<img class="alignnone size-large wp-image-40498" title="holometerconcept" src="http://www.wired.com/images_blogs/wiredscience/2010/10/holometerconcept-660x447.png" alt="" width="660" height="447" /> Our existence could be coded in a finite bandwidth, like a live ultra-high-definition 3-D video. And the third dimension we know and love could be no more than a holographic projection of a 2-D surface. A scientist’s $1 million experiment, now under construction in Illinois, will attempt to test these ideas by the end of next year using what will be two of the world’s most precise clocks . Skeptics of a positive result abound, but their caution comes with good reason: The smallest pieces of space, time, mass and other properties of the universe, called Planck units, are so tiny that verifying them by experiment may be impossible. The Planck unit of length, for example, is 10 billion billion times smaller than the width of a proton .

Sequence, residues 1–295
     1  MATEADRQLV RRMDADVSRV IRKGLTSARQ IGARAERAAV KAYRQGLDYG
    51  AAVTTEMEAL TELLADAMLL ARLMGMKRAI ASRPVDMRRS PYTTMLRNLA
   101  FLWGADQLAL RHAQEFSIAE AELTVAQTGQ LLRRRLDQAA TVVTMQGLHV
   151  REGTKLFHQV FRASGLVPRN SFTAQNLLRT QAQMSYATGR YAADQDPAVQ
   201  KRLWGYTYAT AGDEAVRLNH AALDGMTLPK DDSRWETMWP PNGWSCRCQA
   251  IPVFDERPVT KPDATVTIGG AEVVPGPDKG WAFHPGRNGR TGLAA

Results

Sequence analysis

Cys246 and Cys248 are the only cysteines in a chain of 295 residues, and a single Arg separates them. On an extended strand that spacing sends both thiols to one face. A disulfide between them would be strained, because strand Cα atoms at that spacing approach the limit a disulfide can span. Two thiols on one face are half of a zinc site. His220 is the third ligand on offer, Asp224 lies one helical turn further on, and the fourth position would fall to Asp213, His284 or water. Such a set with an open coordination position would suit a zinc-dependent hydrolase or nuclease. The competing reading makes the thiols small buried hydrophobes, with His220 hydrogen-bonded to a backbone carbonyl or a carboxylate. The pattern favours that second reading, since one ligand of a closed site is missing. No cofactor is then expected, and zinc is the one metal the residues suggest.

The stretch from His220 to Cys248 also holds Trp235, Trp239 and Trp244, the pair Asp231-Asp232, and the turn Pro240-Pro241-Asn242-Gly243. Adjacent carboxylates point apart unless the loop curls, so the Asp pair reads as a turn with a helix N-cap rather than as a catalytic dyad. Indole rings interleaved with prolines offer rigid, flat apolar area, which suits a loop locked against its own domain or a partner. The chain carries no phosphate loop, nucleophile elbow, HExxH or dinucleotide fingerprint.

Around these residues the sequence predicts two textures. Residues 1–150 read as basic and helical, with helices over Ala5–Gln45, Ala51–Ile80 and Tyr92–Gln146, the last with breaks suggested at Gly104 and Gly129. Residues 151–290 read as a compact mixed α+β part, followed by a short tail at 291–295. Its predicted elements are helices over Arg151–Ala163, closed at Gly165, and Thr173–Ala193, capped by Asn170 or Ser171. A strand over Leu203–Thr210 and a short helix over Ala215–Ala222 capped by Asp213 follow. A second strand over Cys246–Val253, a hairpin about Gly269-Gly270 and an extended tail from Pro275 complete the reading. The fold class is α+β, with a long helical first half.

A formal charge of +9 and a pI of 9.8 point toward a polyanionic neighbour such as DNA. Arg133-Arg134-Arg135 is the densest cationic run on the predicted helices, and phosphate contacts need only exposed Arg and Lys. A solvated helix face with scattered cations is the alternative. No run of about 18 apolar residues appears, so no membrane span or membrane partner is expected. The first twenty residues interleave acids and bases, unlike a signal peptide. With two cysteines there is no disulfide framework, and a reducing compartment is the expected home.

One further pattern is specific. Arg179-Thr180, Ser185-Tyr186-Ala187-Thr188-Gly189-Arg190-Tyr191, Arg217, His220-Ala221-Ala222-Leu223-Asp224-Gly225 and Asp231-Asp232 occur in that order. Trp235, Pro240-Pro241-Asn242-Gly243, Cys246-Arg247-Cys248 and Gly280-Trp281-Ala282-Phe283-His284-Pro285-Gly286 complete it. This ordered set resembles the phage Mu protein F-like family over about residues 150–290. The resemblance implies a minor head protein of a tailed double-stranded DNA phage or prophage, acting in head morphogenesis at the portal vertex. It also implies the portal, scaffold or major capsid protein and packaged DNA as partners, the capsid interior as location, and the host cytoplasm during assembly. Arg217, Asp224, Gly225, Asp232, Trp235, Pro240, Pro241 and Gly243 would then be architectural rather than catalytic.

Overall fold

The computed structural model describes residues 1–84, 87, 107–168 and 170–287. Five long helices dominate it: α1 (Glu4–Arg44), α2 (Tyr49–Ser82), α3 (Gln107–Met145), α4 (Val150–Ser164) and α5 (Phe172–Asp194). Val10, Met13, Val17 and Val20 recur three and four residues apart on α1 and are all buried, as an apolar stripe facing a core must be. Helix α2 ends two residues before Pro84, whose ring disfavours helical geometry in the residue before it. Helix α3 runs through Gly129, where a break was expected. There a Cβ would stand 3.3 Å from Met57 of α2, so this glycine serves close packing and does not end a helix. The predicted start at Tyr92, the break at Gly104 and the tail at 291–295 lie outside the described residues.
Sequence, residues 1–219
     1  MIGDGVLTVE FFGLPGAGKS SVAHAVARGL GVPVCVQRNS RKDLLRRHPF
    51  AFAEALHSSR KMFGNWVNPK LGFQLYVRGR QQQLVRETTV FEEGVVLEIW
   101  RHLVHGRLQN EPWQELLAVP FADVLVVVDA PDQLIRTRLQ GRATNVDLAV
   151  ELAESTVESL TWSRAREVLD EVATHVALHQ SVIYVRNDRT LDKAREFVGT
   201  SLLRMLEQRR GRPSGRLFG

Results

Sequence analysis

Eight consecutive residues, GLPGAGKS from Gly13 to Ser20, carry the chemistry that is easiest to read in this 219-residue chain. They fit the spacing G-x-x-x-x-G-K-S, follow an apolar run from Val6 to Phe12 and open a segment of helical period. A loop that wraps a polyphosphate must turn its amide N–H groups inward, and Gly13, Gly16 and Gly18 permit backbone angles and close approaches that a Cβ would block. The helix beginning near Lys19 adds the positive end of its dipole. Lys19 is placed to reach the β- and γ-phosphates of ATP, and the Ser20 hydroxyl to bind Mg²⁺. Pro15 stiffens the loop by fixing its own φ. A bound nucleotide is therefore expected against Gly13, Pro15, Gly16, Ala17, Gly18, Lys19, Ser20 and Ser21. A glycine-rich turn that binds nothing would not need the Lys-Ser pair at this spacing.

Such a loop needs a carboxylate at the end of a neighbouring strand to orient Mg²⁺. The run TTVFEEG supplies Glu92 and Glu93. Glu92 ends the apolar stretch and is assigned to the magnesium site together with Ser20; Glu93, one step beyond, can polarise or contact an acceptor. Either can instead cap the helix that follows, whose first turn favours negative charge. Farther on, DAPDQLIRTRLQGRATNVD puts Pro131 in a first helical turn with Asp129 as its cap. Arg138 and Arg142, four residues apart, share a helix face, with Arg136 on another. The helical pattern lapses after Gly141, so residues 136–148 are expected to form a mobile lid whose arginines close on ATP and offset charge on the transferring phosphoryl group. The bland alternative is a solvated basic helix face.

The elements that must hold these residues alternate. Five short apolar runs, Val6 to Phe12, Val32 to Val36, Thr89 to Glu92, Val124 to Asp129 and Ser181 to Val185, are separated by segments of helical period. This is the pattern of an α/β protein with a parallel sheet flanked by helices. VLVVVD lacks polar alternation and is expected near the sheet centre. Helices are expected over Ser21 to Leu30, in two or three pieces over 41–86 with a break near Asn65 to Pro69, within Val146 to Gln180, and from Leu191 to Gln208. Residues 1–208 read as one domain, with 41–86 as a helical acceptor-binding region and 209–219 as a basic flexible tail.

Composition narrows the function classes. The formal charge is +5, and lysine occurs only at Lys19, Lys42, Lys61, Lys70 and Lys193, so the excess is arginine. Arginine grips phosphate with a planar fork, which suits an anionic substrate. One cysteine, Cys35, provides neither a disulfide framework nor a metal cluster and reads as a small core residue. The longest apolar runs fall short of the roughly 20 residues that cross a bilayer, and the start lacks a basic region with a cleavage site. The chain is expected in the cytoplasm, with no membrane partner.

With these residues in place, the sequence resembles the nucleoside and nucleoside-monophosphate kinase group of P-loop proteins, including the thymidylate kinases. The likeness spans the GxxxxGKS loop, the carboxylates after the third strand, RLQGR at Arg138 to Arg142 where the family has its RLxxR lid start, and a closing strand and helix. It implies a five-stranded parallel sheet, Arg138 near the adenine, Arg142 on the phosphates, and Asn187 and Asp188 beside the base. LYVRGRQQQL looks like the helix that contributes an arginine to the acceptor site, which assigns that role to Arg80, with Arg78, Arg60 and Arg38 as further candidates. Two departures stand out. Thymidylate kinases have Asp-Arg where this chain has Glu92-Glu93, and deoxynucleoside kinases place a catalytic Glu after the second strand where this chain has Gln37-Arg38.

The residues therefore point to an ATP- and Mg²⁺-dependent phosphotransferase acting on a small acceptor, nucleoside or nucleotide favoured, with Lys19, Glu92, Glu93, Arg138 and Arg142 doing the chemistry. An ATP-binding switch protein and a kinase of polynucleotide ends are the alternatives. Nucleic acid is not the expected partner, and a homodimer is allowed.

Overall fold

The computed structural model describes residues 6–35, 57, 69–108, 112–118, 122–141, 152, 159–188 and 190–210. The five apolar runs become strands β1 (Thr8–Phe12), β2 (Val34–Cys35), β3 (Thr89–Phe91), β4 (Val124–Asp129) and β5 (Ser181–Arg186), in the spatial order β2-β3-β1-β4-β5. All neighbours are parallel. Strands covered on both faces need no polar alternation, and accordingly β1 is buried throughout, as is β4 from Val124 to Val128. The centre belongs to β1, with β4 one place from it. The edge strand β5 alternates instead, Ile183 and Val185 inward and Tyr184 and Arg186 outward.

Quantum computers have the potential to solve problems that would take a classical computer longer than the age of the universe. Oxford Professor David Deutsch, quantum-computing pioneer, who wrote in his controversial masterpiece, Fabric of Reality says: "quantum computers can efficiently render every physically possible quantum environment, even when vast numbers of universes are interacting. Quantum computers can also efficiently solve certain mathematical problems, such as factorization, which are classically intractable, and can implement types of cryptography which are classically impossible. Quantum computation is a qualitatively new way of harnessing nature."